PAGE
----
Donating to cancer research increases the odds of finding a cure and often decreases your tax liability. The Internal Revenue Service recognizes multiple American cancer research organizations as qualified charities, so your donations count for the charitable giving deduction. The more you give, the more likely you are to benefit from the donation on your tax return.
Donations to cancer research follow the same rules as any other charitable donations. If you give cash, your deduction equals your donation. For donations of property, you start with the fair market value. However, unless you've held the property for a year or less, you're generally limited to your basis. For example, if you buy stock for $25, watch it double the next day and then donate it, you can only claim a $25 donation. But, if you held it for over a year, and its now worth $50, you could deduct the full $50. In addition, if the property is worth less than you paid for it, you're stuck donating just the lower value.
The deduction limit for cancer research depends on whether you're donating to a public charity or a private foundation. For public charities, your deduction can't exceed 50 percent of your adjusted gross income. If you're donating property that's increased in value, the limit is only 30 percent. For example, you might want to donate stock that's gone up in value because then you get a double tax benefit: You don't have to deduct the value or pay taxes on the gain. For private foundations, the limits are 30 percent in general and 20 percent for property that's appreciated. If you gave more than you're allowed to deduct, you can carry over the excess for up to five years.
Determining Charitable Status
The IRS keeps an online database of charitable organizations that lists the status of each charity, including cancer research charities. You can search the database by name. For example, the IRS classifies the American Cancer Research Foundation in San Antonio, Texas, and Center for Cancer Prevention Research Inc., in New York, New York, as private foundations. On the other hand, IRS categorizes the American Cancer Research Center and Foundation in Oakland, California as a public charity.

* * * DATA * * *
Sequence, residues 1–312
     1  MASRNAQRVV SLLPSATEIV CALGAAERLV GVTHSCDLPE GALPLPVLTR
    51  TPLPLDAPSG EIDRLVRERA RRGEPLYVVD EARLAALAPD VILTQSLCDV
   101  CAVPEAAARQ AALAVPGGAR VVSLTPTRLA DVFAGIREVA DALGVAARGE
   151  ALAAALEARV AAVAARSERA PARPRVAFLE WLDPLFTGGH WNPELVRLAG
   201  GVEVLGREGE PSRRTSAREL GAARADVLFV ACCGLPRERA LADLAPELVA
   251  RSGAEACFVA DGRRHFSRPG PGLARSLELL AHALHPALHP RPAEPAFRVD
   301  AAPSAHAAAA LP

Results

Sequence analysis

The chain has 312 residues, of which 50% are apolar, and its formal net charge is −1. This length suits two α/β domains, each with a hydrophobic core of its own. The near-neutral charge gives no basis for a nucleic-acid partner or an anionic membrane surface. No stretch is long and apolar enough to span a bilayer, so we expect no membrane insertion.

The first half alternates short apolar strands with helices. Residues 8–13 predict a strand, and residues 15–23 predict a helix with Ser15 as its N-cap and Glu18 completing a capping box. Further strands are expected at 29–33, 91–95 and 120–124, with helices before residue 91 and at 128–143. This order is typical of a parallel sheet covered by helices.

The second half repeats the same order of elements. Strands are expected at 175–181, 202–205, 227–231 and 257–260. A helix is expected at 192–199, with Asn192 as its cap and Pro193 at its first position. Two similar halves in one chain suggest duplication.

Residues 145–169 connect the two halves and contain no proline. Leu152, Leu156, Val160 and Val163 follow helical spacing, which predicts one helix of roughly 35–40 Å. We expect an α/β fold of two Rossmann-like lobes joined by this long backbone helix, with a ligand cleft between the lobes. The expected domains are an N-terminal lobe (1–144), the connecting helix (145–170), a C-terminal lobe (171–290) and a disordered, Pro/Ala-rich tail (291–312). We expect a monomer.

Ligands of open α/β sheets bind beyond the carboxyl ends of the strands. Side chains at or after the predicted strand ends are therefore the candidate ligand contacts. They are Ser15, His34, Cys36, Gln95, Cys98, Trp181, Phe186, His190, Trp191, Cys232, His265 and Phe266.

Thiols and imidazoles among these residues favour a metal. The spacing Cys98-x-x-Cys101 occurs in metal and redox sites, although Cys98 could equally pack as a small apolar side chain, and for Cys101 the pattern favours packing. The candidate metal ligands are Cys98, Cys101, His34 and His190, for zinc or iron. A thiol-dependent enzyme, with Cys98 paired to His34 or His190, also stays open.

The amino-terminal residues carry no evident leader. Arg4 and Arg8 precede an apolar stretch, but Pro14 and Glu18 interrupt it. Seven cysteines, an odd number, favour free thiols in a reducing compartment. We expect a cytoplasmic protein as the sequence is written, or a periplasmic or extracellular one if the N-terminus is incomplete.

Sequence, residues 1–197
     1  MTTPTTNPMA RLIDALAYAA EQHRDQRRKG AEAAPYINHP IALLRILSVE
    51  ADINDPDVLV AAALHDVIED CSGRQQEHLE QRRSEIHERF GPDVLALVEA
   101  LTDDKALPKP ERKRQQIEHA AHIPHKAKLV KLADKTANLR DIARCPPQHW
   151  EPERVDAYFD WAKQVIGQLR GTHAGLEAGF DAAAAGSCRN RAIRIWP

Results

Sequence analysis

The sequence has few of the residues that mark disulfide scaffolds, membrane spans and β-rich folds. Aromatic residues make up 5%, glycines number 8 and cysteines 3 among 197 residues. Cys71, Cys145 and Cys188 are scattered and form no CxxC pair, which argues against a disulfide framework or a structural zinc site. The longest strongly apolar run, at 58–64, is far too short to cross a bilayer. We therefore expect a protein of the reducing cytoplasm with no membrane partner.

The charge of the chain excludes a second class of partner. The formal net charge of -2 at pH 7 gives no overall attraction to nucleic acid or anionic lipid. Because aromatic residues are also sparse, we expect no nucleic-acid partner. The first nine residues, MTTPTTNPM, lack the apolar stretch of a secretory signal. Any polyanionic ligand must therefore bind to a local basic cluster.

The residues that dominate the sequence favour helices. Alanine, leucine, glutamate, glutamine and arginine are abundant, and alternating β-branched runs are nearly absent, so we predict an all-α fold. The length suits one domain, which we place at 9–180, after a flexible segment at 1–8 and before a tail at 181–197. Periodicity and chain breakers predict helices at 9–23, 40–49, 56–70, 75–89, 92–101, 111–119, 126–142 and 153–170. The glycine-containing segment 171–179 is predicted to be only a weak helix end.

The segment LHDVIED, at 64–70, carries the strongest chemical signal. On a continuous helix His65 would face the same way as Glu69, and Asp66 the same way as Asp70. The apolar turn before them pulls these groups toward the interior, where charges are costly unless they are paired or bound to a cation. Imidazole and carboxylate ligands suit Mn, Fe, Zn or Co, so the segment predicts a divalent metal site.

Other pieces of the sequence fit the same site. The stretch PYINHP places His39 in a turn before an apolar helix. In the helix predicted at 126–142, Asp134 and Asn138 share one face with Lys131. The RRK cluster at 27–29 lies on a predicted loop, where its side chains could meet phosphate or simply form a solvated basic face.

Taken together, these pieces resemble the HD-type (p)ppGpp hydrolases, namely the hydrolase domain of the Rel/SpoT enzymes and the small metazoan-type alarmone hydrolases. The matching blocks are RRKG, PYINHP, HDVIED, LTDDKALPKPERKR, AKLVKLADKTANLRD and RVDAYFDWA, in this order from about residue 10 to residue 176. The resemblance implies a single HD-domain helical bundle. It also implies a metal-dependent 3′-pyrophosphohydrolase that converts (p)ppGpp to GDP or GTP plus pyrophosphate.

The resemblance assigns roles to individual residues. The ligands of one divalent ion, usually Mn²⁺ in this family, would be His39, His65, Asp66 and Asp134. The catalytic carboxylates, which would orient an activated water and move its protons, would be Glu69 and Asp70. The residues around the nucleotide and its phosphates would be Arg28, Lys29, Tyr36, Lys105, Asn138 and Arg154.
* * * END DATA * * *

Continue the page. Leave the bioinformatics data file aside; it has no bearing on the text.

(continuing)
You have to follow the same rules as any other charitable donation to claim cancer donations. Report the cash donations on line 16 and the property donations on line 17 of Schedule A. Though you don't have to attach a receipt to the tax return, you do have to keep it in case the IRS audits your return. If you gave less than $250 in cash, you can use a bank statement or canceled check; otherwise you need an actual receipt from the charity. If any of your property is worth more than $500, you've got some extra paperwork: Form 8283.
Just because the organization does cancer research doesn't mean you can give it money for a tax deduction. For example, for-profit pharmaceutical research companies undertake their own research efforts; you can't deduct contributions to them. You also can't claim a deduction if you give money to an individual to pay for cancer treatments.
Mark Kennan is a writer based in the Kansas City area, specializing in personal finance and business topics. He has been writing since 2009 and has been published by "Quicken," "TurboTax," and "The Motley Fool."